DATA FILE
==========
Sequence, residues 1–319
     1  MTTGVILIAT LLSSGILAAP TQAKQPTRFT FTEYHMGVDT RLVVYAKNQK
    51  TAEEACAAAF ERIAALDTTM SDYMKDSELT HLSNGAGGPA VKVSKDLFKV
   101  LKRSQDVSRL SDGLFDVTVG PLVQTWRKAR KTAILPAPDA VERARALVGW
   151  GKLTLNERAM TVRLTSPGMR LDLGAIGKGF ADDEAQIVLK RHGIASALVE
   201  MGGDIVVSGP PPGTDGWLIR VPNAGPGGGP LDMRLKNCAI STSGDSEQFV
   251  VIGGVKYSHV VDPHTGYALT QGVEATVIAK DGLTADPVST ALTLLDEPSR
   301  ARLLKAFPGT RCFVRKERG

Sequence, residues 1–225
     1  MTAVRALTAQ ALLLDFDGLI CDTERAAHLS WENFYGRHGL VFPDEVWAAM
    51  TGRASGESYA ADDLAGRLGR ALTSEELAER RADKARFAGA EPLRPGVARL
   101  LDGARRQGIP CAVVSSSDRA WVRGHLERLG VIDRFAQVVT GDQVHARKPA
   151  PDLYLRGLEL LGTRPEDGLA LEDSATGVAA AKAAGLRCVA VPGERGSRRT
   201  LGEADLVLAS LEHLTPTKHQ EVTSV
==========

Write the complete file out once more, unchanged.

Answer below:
Sequence, residues 1–319
     1  MTTGVILIAT LLSSGILAAP TQAKQPTRFT FTEYHMGVDT RLVVYAKNQK
    51  TAEEACAAAF ERIAALDTTM SDYMKDSELT HLSNGAGGPA VKVSKDLFKV
   101  LKRSQDVSRL SDGLFDVTVG PLVQTWRKAR KTAILPAPDA VERARALVGW
   151  GKLTLNERAM TVRLTSPGMR LDLGAIGKGF ADDEAQIVLK RHGIASALVE
   201  MGGDIVVSGP PPGTDGWLIR VPNAGPGGGP LDMRLKNCAI STSGDSEQFV
   251  VIGGVKYSHV VDPHTGYALT QGVEATVIAK DGLTADPVST ALTLLDEPSR
   301  ARLLKAFPGT RCFVRKERG

Sequence, residues 1–225
     1  MTAVRALTAQ ALLLDFDGLI CDTERAAHLS WENFYGRHGL VFPDEVWAAM
    51  TGRASGESYA ADDLAGRLGR ALTSEELAER RADKARFAGA EPLRPGVARL
   101  LDGARRQGIP CAVVSSSDRA WVRGHLERLG VIDRFAQVVT GDQVHARKPA
   151  PDLYLRGLEL LGTRPEDGLA LEDSATGVAA AKAAGLRCVA VPGERGSRRT
   201  LGEADLVLAS LEHLTPTKHQ EVTSV